Too many tech companies are missing out on the lucrative female market because they still think women will buy any gadget as long as it's pink. Here's how to create and market tech products that women really want.

Last year, when Timex rolled out a new, smaller GPS sports watch, the watchmaker ran ads for the product in women's magazines with the delicately handwritten tag line: "He never lets me catch up. But I do love trying."

It was another tone-deaf marketing blunder from a company trying to sell its tech gadgets to women. In these efforts, technology companies too often resort to sexist slogans, painting it pink, or dumbing down features, say marketing experts.

Marketers and product designers know they must target women: Females control an estimated $20 trillion in annual consumer spending worldwide, according to the Boston Consulting Group. Women earn more higher-education degrees than men and start new businesses at a faster rate. Women's earning power is growing faster than men's. And women now make up more than half of Twitter users and Facebook subscribers.

Still, the tech industry remains male dominated. Its culture of lightning-speed product development means few tech companies take the time to truly understand women, their lifestyles, and their needs, says Anna Shaw, a director at Smart Design, a design and innovation company with a lab that focuses on female consumers.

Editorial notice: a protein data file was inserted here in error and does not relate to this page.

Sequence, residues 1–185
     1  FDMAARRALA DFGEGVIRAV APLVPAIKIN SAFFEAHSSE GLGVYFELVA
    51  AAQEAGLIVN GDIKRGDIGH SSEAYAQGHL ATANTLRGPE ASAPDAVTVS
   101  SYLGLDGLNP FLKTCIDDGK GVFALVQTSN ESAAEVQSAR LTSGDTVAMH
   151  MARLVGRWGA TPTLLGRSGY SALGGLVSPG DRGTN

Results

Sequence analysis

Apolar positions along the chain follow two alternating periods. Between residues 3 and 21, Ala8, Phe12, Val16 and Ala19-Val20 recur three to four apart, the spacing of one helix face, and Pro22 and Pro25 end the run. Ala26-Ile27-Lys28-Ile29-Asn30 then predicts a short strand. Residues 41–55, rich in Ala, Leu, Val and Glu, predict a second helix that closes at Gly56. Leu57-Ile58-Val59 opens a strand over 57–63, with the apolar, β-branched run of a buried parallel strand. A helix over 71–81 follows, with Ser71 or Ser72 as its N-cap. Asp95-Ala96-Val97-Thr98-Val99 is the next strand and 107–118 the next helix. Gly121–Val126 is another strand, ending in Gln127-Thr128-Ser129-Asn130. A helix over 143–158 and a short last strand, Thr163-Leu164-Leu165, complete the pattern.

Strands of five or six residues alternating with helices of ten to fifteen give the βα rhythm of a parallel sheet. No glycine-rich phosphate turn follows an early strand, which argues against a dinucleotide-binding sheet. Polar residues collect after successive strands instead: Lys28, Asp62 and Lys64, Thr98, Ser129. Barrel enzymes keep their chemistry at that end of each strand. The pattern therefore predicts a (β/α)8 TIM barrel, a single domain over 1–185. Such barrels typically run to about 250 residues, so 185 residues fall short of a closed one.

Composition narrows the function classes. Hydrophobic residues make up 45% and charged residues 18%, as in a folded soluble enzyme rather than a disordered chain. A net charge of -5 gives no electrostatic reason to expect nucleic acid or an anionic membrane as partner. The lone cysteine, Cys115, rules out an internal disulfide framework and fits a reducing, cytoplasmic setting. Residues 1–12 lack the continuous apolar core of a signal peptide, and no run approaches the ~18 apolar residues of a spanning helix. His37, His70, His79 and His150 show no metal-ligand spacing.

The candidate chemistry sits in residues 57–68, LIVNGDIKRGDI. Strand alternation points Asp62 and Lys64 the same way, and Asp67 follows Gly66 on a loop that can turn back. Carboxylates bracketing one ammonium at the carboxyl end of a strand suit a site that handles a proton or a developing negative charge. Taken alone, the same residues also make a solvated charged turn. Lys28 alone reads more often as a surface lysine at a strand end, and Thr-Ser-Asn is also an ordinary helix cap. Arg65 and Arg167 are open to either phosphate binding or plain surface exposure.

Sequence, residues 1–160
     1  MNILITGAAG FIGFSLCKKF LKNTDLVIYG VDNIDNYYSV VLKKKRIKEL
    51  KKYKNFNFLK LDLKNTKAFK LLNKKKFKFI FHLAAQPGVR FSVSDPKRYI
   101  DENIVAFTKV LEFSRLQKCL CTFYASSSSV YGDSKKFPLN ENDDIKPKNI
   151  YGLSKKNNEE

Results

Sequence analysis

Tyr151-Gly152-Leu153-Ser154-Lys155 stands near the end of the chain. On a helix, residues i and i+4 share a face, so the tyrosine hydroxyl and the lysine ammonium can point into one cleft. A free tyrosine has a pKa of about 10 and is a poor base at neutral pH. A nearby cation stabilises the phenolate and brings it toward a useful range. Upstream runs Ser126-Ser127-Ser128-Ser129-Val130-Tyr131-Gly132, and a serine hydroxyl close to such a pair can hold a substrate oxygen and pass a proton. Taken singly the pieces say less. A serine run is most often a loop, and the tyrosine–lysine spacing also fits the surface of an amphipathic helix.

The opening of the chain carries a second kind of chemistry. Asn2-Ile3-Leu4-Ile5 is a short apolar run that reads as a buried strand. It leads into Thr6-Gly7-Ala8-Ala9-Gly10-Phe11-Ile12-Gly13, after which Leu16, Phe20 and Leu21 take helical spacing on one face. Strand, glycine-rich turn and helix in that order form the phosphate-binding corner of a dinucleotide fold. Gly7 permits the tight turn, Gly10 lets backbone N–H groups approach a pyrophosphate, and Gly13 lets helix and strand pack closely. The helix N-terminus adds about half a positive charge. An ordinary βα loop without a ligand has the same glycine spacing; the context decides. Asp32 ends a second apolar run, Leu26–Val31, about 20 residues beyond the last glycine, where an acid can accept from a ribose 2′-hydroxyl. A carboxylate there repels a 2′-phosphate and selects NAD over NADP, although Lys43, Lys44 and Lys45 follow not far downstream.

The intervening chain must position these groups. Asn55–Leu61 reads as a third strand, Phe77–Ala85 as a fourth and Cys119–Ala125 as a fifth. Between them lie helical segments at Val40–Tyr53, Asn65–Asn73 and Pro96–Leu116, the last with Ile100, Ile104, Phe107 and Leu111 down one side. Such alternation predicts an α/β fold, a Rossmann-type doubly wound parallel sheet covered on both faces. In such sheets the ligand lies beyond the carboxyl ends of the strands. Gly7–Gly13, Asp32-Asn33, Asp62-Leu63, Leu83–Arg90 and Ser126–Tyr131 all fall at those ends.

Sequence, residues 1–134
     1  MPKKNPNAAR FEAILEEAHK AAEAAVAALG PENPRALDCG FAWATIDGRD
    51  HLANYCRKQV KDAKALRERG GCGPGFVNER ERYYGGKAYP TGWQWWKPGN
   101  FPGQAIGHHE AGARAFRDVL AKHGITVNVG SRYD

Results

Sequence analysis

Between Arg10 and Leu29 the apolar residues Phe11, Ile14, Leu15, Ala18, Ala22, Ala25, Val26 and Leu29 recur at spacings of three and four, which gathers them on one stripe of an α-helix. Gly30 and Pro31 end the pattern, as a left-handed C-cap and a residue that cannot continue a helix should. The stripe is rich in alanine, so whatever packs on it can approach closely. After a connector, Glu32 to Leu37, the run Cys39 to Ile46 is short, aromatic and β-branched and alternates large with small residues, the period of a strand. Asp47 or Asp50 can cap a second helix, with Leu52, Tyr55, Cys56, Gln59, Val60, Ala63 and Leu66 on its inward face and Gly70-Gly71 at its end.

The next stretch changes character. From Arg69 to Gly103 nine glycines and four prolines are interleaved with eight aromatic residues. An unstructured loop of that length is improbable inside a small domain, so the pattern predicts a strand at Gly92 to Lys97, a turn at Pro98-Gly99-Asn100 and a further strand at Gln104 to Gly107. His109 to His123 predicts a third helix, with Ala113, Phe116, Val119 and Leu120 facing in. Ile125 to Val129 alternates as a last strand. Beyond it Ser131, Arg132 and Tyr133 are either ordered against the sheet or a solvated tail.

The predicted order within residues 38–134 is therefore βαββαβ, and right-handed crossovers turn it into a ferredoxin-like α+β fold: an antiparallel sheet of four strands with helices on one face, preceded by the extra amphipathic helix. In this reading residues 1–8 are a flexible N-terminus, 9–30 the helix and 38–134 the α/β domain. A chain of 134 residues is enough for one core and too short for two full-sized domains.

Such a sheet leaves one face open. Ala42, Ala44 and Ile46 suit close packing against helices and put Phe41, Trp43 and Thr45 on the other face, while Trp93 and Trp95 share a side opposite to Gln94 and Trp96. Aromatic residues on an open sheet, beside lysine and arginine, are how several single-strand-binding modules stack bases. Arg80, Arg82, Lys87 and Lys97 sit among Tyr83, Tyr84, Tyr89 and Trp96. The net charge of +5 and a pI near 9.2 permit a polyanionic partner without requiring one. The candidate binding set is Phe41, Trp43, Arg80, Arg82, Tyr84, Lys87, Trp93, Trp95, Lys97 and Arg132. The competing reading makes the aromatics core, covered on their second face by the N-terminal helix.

Instead, companies resort to stereotypes and assume women aren't tech early adopters. "They're interpreting women as a smaller, softer human," Shaw says.

The result: USB cords painted with daisies, sparkly clutches that hide wireless speakers (and have no room for anything else), and, a site launched by Dell Computer in 2009 that sold pastel-colored laptops. The company took the site down in a matter of weeks. "We learned from that mistake," says Dell spokeswoman J.J. Davis.

"They thought that we couldn't understand megabytes unless they were pink and purple," says Stephanie Holland, owner of Holland + Holland Advertising and founding author of the She-conomy blog on marketing to women.

The trick to creating tech for and selling tech to women? Much of it is common sense. We offer a refresher:

Lesson No. 1: Design for Your Most Demanding Customers (Hint: Women)

Smart companies design their tech with women's needs in mind first--not so they can market it as a women's product but so they get a better product for all their users. That's because women are your most demanding customers, says Shaw. "Women have a longer checklist of needs and higher expectations--from the marketing messaging to tech support," she says.

Research and her own observations show that men tend to focus on a product's specifications and performance. Women consider the total relationship they will have with the product--its benefits, uses, maintenance, and repair needs, says Shaw. Remember: "If Mama ain't happy, ain't nobody happy" applies to tech design, too.

Lesson No. 2: Stop Viewing "Women" as a Single Market